Rosacea is an inflammatory skin disease. The cause of rosacea is unknown. There are several theories regarding the origin of overactive facial blood vessels and inflammation, including genetic, environmental, vascular, inflammatory factors. It begins as erythema on the central face and across the cheeks, nose, or forehead but can also less commonly affect the neck and chest. As rosacea progresses, other symptoms can develop such as semi-permanent erythema, telangiectasia, red domed papules and pustules, red gritty eyes, burning and stinging sensations, and in some advanced cases, a red lobulated nose. Rosacea is most common in women and people with fair skin. Rosacea may be aggravated by facial creams or oils, and especially by topical steroids. There are also some foods and drinks that can trigger flushing, these include alcohol, foods and beverages containing caffeine, foods high in histamines and spicy food. Certain medications and topical irritants can quickly progress rosacea. If redness persists after using a treatment then it should be stopped immediately. Steroid induced rosacea is the term given to rosacea caused by the use of topical or nasal steroids. These steroids are often prescribed for seborrheic dermatitis.
Treating rosacea varies from patient to patient depending on severity and subtypes. People with rosacea often find that certain lifestyle and environmental factors trigger a flare-up or aggravate their individual conditions. Rosacea is not caused by alcohol abuse, as people once thought. But in people who have rosacea, drinking alcohol may cause symptoms to get worse. Trigger avoidance can help reduce the onset of rosacea but alone will not normally cause remission for all but mild cases. Rosacea can affect the eyes. How severely rosacea affects the eye is not related to how severe the facial rosacea is. Left untreated, rosacea tends to be progressive, which means it gets worse over time. Oral tetracycline antibiotics and topical antibiotics such as metronidazole are usually the first line of defence prescribed by doctors to relieve papules, pustules, inflammation and some redness. The treatment of flushing and blushing has been attempted by means of the centrally acting a-2 agonist clonidine, but there is no evidence whatsoever that this is of any benefit.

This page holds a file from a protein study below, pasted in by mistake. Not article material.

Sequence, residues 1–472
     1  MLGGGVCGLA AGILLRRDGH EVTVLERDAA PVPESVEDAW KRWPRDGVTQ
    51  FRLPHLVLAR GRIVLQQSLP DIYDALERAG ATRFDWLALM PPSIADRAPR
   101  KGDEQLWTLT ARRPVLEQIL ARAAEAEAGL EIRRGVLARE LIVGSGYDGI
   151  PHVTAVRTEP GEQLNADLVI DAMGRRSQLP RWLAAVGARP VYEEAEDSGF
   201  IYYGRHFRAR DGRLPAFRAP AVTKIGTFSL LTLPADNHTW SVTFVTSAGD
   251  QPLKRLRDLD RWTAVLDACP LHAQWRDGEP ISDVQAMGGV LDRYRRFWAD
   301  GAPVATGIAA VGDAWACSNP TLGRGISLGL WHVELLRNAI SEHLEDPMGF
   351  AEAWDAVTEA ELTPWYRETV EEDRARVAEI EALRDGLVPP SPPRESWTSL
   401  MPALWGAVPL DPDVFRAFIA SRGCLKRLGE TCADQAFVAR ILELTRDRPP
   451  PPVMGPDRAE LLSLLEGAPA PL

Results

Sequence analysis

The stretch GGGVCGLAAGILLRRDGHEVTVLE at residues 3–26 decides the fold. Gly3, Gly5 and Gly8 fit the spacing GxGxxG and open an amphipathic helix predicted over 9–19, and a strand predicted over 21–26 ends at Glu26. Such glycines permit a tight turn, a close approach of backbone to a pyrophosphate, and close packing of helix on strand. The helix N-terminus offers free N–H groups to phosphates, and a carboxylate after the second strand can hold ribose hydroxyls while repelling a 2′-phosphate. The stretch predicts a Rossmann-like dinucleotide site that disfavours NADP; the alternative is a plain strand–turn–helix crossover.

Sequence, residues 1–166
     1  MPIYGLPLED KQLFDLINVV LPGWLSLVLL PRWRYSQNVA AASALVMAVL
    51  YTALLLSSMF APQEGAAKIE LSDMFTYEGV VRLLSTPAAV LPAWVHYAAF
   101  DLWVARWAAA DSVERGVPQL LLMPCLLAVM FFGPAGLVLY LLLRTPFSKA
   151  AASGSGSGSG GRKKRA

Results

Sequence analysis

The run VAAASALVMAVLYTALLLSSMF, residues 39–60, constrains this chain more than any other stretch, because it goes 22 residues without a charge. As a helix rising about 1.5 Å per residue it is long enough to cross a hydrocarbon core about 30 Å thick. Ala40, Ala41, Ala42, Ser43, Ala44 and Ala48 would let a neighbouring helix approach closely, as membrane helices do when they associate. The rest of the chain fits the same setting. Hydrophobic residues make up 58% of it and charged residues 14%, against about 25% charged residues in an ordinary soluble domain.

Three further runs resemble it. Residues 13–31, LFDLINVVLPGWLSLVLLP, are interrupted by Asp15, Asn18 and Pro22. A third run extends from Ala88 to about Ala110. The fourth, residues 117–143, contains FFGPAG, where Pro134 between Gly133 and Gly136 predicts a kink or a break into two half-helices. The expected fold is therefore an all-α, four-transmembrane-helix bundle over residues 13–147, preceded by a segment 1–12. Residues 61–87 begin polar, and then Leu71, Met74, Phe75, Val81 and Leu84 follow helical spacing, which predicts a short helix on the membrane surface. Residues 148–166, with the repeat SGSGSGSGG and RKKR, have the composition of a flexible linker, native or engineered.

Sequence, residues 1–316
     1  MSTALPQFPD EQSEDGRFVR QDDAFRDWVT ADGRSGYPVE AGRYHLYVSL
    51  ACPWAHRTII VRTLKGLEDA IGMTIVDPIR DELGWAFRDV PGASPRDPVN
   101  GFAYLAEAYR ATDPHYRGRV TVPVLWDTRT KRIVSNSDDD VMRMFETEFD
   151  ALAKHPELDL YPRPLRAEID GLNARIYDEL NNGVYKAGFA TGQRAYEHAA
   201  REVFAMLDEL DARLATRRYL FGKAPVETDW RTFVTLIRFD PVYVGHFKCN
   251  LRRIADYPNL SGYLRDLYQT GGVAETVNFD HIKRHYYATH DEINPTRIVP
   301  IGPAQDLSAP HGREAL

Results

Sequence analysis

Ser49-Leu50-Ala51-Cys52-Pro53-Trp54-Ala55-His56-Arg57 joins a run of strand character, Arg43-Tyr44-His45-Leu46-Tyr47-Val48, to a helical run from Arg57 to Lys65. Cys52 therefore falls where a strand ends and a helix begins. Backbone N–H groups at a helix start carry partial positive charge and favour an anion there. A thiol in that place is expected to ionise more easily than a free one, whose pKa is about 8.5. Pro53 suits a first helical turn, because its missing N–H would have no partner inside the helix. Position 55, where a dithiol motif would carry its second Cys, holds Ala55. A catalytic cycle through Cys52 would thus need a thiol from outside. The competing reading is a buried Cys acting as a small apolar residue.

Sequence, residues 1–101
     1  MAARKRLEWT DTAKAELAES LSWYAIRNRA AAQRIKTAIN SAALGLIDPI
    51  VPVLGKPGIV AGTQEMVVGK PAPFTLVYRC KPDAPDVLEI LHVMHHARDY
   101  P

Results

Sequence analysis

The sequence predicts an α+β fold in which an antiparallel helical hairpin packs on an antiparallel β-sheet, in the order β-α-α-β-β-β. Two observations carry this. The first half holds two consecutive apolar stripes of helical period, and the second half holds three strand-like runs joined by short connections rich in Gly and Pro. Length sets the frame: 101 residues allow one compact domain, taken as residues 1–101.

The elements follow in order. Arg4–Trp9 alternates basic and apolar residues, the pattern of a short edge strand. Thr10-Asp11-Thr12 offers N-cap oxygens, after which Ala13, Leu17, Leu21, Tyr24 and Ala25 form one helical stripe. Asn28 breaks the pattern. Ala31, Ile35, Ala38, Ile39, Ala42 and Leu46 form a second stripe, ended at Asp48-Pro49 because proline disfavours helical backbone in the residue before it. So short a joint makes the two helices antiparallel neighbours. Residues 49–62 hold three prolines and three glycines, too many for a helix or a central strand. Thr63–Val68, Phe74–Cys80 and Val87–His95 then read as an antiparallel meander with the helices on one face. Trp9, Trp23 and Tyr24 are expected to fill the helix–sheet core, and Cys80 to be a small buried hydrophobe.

Causes of Rosacea
The exect cause of rosacea is unknown. Triggers that cause episodes of flushing and blushing play a part in the development of rosacea. Exposure to temperature extremes can cause the face to become flushed as well as strenuous exercise, heat from sunlight, stress, anxiety, cold wind, moving to a warm or hot environment from a cold one such as heated shops and offices during the winter. Certain medications and topical irritants can quickly progress rosacea. If redness persists after using a treatment then it should be stopped immediately. Some acne and wrinkle treatments that have been reported to cause rosacea include microdermabrasion, chemical peels, high dosages of isotretinoin, benzoyl peroxide and tretinoin.
Common causes and risk factors of Rosacea:
- Sun and wind exposure.
- Hereditary and environmental factors.
- Abnormal immune reactions in the skin which leads to inflammation.
- Long-term use of steroid creams on the face.
- A steady diet of hot beverages.
Signs and Symptoms of Rosacea
Rosacea may begin as a tendency to flush or blush easily. There are red spots and sometimes pustules in both conditions. A rare symptom is rhinophyma, a thick, leathery texture of the nose skin. The eyes can be affected with irritation and increased light sensitivity. Rosacea may also result in reddened skin, scaling and swelling of affected areas. When the eyes are affected, symptoms may include burning and tearing or the feeling that there is a piece of grit in the eye. The eyelids may swell due to infection. Usually this condition does not impair vision.
Sign and symptoms may include the following :
- Tendency to flush or blush easily.
- Red, bulbous nose.
- Thick skin, usually on the forehead, chin and cheeks.
- Dry and flaky facial skin.
- Frequent redness of the face, or flushing.
Treatment for Rosacea
There is no permanent cure for rosacea. There is nothing you can do to prevent rosacea from starting. However, treatments can ease symptoms. The treatments used may vary, depending on what symptoms develop. Oral tetracycline antibiotics and topical antibiotics such as metronidazole are usually the first line of defence prescribed by doctors to relieve papules, pustules, inflammation and some redness. People who develop infections of the eyelids must practice frequent eyelid hygiene. Daily scrubbing the eyelids gently with diluted baby shampoo or an over-the-counter eyelid cleaner and applying warm compresses several times a day is recommended.
Treatment may include:
- Calcineurin inhibitors such as tacrolimus ointment and pimecrolimus cream are reported to help some patients with rosacea.
- Tetracycline antibiotics including doxycycline and minocycline reduce inflammation. They reduce the redness, papules, pustules and eye symptoms of rosacea.
- Sometimes other oral antibiotics such as cotrimoxasole or metronidazole are prescribed for resistant cases.
- Surgery or other treatments may help your skin look better if you have advanced rosacea.
- Rhinophyma can be treated successfully by reshaping the nose surgically or with carbon dioxide laser by a dermatologic or plastic surgeon.